Take the 2-minute tour ×
Mathematics Stack Exchange is a question and answer site for people studying math at any level and professionals in related fields. It's 100% free, no registration required.

I am working through a paper on global optimization using kriging. I can't tell if a term in one of the equations describes the determinant of a matrix, or what. We have $n$ observtions $y=(y_{1} y_{2} \dots y_{n})'$ at $n$ points $(x_{1} x_{2} \dots x_{n})$. These are related by a $n \times n$ matrix, $R$, whose (i,j) elements are given by,

$Cov(Y(x_{i}),Y(x_{j})) = \exp\bigl(-\sum \theta \vert x_{i}-x_{j} \vert^{p} \bigr)$.

We'd like to estimate the parameters $\theta$, $p$, and also the mean vector and variance matrix of the distribution, $Y=(Y(x_{1}) Y(x_{2}) \dots Y(x_{n}))'$. This is where I have an issue--the likelihood function is given by,

$\dfrac{1}{(2\pi)^{n/2}(\sigma^{2})^{n/2}\vert R \vert^{1/2}} exp\biggl(\dfrac{-(y-\mu)'R^{-1}(y-\mu)}{2\sigma^{2}}\biggr)$,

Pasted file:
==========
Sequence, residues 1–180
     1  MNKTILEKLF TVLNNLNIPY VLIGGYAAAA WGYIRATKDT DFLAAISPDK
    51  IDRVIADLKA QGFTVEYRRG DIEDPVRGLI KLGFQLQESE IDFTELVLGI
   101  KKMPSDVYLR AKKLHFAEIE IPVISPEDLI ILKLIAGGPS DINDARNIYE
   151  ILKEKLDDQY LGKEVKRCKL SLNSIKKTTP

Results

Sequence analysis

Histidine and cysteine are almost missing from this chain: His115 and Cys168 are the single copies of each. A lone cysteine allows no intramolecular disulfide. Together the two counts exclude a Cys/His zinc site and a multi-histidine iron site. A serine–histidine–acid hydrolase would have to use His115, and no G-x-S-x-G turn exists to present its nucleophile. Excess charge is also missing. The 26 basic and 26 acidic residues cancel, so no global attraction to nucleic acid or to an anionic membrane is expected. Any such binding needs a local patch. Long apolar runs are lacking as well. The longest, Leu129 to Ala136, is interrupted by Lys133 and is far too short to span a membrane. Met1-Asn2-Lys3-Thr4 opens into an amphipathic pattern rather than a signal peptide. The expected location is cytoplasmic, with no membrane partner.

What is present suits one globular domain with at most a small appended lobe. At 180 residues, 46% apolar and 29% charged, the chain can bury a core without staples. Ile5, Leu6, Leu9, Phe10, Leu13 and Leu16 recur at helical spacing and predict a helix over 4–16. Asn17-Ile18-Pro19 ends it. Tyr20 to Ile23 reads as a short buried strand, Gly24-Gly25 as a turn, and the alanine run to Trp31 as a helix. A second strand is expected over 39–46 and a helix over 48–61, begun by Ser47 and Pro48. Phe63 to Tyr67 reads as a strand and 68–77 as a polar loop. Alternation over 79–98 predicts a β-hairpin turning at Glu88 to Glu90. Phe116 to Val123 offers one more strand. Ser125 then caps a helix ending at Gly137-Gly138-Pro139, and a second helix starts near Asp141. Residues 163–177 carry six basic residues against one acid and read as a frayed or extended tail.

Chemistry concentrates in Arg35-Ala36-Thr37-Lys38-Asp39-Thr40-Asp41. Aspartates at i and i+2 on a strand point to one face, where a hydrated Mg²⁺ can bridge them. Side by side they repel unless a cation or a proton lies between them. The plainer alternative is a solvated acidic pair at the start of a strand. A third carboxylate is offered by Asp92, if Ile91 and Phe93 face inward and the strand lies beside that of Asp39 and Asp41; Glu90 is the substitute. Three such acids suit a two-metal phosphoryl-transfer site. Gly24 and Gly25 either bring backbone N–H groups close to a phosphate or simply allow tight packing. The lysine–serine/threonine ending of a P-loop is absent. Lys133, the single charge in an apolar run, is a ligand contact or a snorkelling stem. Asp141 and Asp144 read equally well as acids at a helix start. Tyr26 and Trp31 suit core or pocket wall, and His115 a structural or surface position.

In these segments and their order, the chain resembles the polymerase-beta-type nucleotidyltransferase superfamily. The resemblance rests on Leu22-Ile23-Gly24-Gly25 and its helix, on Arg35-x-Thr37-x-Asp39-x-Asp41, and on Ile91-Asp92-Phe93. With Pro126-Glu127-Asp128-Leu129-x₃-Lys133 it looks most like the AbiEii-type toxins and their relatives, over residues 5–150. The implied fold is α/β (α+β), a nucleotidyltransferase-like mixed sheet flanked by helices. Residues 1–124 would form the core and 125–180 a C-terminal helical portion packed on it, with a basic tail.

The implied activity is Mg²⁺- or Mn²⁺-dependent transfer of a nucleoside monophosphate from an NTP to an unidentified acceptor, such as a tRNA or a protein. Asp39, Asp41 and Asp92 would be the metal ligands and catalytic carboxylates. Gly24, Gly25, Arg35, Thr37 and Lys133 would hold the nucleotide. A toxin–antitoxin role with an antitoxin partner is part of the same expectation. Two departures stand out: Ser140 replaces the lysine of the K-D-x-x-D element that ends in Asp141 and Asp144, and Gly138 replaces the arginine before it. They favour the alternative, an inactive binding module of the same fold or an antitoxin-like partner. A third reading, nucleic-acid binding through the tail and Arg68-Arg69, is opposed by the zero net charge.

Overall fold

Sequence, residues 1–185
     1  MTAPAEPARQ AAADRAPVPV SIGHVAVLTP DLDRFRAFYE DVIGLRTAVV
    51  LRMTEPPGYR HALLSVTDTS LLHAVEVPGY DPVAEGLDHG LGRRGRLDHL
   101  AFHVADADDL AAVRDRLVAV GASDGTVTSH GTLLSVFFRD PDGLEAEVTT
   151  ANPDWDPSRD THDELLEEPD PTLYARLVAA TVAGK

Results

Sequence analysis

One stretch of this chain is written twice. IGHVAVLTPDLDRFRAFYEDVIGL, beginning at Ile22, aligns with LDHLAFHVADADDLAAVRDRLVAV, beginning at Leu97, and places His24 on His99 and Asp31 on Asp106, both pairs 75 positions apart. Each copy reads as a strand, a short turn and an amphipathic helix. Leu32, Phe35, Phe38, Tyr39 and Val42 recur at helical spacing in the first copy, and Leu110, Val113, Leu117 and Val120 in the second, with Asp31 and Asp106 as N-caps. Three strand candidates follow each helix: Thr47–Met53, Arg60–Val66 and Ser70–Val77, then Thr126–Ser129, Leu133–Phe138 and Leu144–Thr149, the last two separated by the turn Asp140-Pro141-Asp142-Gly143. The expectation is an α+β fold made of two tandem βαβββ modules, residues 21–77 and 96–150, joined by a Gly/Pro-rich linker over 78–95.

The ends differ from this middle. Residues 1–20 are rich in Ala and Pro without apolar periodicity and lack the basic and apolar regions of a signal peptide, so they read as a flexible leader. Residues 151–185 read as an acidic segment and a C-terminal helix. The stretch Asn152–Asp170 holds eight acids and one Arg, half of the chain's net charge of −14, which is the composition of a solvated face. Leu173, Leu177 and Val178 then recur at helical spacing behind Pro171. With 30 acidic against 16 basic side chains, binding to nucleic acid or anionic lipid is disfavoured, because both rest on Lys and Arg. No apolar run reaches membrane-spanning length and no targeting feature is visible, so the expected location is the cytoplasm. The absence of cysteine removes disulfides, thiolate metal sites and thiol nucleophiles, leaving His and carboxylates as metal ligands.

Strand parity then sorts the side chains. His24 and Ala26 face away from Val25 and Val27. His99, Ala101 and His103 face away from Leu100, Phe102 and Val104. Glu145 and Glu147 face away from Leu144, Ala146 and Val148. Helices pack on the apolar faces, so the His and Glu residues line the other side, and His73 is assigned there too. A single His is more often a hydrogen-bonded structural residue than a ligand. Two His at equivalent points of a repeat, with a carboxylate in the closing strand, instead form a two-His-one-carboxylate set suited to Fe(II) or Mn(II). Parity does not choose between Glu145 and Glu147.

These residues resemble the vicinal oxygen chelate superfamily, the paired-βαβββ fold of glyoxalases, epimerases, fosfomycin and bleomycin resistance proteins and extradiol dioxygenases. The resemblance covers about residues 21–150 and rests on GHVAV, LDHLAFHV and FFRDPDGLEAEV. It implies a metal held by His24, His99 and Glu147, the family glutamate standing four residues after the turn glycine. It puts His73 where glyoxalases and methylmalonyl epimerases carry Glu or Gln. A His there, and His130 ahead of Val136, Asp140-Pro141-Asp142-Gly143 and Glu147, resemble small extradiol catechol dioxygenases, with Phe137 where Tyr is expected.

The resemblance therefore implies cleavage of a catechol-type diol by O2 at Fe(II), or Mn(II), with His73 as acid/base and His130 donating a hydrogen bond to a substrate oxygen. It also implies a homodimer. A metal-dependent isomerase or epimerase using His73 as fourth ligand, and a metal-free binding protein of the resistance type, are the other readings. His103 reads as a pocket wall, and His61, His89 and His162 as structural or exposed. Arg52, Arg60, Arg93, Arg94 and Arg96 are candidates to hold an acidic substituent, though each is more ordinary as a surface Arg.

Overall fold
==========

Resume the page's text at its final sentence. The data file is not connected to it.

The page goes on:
I understand that the numerator in the exponential term evaluates to a scalar, so that the exponential evaluates to a scalar, but what about the $\vert R \vert^{1/2}$ in the denominator of the first term? Is that the square root of the determinant? The paper doesn't mention anything about determinants and I'm unsure how to proceed. Thanks so much!

share|improve this question
Yes, it is the square root of the determinant. The expression is the density of a multivariate normal distribution. –  Stefan Hansen Nov 23 '12 at 19:42
Thanks so much! You're a champ! –  cjohnson318 Nov 23 '12 at 21:44

Your Answer


By posting your answer, you agree to the privacy policy and terms of service.

Browse other questions tagged or ask your own question.